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Chef Johl Whiteduck Ringuette on Indigenous food sovereignty

Anishnawbe and Algonquin chef Johl Whiteduck Ringuette discusses Canada's dark past and his hopes for a future with Indigenous food sovereignty. 

Chef Johl Whiteduck Ringuette Indigenous food sovereignty | Bickford park community garden with Pauline Shirt mural

On finding a purpose

When I moved to Toronto from North Bay 30 years ago, I couldn’t find my Indigenous community. My medicine teacher told me I had a gift to bring back the Anishnawbe food diet. I didn’t know how I was going to do this, but I had faith. I started a catering business and when my kids were grown up, I risked it all and opened my restaurant, NishDish, focusing on traditional Anishnawbe food. Then, I founded the Ojibiikaan Indigenous Cultural Network so we could expand our Indigenous teachings and gardens in the city.

On the meaning of Indigenous food sovereignty

All people have a right to know what their food heritage is. When you take away the land and you steal every child out of every single Indigenous community and you force them to go to residential schools that eradicate their language – the last of which closed in 1996 – then their food systems die with that. Indigenous food sovereignty is about restoring our traditional food knowledge.

On the end of Indigenous food lines

We were forced to stay in reserves. If you have, say, 300 people on a reserve, you can’t all hunt in that one area because the animals won’t be there. There was an intention to eradicate our food lines. Then the government said they were going to bring us food, but it was all sugar, salt, flour – processed foods. If you force a group of people to live on a food they've never eaten before, they're going to end up with major dietary problems. They wanted Indigenous people to assimilate by getting us dependent on new food sources and when those rations are taken away entirely, that’s genocide, not assimilation. We couldn't live the way we wanted to, the way we knew and the way that was healthiest for us.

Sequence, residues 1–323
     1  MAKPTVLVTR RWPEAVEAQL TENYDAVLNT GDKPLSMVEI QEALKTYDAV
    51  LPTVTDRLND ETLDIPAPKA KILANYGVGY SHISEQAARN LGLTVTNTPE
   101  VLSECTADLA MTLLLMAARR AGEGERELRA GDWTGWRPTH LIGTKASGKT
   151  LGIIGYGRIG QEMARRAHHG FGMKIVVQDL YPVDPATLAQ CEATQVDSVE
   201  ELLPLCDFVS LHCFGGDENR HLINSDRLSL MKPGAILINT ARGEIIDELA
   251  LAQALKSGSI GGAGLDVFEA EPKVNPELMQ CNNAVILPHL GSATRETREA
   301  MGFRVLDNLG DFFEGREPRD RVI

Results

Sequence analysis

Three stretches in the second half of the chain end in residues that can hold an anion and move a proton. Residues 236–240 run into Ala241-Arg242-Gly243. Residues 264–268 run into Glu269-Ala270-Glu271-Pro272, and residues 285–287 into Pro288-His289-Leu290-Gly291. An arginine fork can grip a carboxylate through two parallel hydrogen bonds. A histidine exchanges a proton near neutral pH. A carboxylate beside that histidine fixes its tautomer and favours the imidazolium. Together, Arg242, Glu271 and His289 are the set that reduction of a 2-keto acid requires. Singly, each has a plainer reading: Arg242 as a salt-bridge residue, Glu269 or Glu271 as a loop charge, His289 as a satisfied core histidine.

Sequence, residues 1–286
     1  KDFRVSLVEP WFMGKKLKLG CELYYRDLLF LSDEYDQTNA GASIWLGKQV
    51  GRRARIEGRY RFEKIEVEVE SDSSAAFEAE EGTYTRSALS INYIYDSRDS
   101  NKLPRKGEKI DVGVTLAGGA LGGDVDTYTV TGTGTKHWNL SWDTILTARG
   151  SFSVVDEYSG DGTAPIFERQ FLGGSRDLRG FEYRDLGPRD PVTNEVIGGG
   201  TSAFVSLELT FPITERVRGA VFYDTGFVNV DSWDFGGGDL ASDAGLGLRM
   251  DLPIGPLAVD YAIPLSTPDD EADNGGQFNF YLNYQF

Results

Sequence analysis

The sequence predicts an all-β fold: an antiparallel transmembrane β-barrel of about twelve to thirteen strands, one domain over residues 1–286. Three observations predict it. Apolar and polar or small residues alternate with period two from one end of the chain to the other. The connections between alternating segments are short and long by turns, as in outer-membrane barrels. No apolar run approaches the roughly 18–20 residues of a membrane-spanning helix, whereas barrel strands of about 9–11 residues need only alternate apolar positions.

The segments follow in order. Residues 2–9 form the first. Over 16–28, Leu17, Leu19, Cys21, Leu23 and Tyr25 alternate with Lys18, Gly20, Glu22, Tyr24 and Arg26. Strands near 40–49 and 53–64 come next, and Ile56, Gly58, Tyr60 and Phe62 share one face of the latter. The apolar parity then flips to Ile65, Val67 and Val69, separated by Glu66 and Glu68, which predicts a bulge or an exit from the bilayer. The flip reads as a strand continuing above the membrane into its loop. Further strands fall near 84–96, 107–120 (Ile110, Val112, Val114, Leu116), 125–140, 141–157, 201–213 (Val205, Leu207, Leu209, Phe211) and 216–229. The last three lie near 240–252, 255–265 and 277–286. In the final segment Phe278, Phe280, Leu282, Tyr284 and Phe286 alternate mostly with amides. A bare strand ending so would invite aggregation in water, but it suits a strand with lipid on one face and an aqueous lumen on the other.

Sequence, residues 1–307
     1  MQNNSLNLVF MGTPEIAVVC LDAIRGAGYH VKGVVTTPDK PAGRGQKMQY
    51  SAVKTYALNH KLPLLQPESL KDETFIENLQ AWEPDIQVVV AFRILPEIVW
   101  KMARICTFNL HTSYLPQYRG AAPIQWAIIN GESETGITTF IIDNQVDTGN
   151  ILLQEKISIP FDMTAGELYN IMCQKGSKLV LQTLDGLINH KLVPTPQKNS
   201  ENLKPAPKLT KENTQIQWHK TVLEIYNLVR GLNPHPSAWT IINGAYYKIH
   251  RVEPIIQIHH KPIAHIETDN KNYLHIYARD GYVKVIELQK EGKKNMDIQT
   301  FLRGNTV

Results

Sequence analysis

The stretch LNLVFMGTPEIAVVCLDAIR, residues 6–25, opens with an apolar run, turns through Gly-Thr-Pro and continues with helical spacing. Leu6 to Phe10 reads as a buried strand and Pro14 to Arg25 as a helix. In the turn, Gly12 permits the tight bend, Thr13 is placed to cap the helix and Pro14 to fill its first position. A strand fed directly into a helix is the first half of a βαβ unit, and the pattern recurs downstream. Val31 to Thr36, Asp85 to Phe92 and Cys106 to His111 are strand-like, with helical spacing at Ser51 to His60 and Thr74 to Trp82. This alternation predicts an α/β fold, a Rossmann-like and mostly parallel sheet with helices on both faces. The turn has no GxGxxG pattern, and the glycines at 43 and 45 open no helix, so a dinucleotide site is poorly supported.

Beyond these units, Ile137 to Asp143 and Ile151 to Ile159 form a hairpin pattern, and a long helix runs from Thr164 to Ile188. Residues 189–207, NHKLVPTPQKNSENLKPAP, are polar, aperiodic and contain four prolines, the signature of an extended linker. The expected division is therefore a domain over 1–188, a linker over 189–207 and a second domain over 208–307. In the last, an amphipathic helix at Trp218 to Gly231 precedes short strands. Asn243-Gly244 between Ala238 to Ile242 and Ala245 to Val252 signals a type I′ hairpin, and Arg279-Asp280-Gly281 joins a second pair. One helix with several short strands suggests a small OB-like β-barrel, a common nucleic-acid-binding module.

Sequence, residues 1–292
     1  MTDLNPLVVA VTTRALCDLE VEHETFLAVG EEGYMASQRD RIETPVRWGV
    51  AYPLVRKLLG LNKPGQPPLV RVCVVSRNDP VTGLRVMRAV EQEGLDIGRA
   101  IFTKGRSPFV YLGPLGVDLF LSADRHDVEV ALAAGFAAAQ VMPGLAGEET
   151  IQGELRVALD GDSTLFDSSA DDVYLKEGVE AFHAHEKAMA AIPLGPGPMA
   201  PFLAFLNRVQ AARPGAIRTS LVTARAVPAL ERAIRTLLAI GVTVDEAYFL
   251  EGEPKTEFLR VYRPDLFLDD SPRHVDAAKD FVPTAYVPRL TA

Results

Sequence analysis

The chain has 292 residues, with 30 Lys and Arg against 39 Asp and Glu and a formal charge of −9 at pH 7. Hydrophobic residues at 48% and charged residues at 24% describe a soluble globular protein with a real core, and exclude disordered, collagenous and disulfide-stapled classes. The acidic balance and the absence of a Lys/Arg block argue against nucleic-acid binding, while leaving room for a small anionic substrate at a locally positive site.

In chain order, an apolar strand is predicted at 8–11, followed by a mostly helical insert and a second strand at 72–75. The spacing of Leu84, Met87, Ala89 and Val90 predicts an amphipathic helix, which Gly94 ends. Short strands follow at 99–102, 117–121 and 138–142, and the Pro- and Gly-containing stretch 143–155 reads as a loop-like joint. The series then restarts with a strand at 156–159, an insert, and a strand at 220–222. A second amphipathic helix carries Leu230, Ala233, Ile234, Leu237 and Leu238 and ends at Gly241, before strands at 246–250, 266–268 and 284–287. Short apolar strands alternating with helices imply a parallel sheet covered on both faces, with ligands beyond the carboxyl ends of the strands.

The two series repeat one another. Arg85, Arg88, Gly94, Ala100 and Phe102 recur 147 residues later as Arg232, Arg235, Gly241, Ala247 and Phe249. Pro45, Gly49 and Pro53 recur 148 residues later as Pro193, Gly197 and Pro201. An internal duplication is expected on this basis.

Indigenous food sovereignty | Chef Johl Whiteduck Ringuette

Chef Johl Whiteduck Ringuette

On restoring Indigenous food lines

Now we have to go back and find out what our food lines were. Corn, for example, was one of the main staples of food. It was good, healthy and fibrous. Now, corn has become GMO and it’s unhealthy. And it’s not the corn my community ate. So if we're talking about Indigenous food sovereignty, we can't just throw any corn on the table. You really have to search for Indigenous corn – we have the seeds and we grow it in gardens, but it's not enough to feed all the Indigenous people here. We're trying to regrow our food lines, and that's been my journey, establishing what our food lines were and making them sustainable.

On hopes for the future

More people are coming forward and opening their hearts to the understanding of the true history of Canada. It’s such a hopeful time, because people no longer accept the way that Indigenous people have been treated and they want to do things differently now. There are opportunities for Indigenous placemaking with murals and gardens that bring us back to the land.

On the future of NishDish

We're going to come back, just not as a restaurant. We're going to be a marketeria and we will continue to do catering. I’m going to expand the marketeria so you can come in and do a First Nations food shop – a grocery store with Indigenous food products.

To help NishDish work towards Indigenous food sovereignty, donate at gofundme.com/f/nishdish-contingency

Check out other guest columns from some of Toronto's leading chefs and bartenders, like this conversation with Guy Rawlings about why sustainability isn't just a trend, or Christina Viera on racism in hospitality

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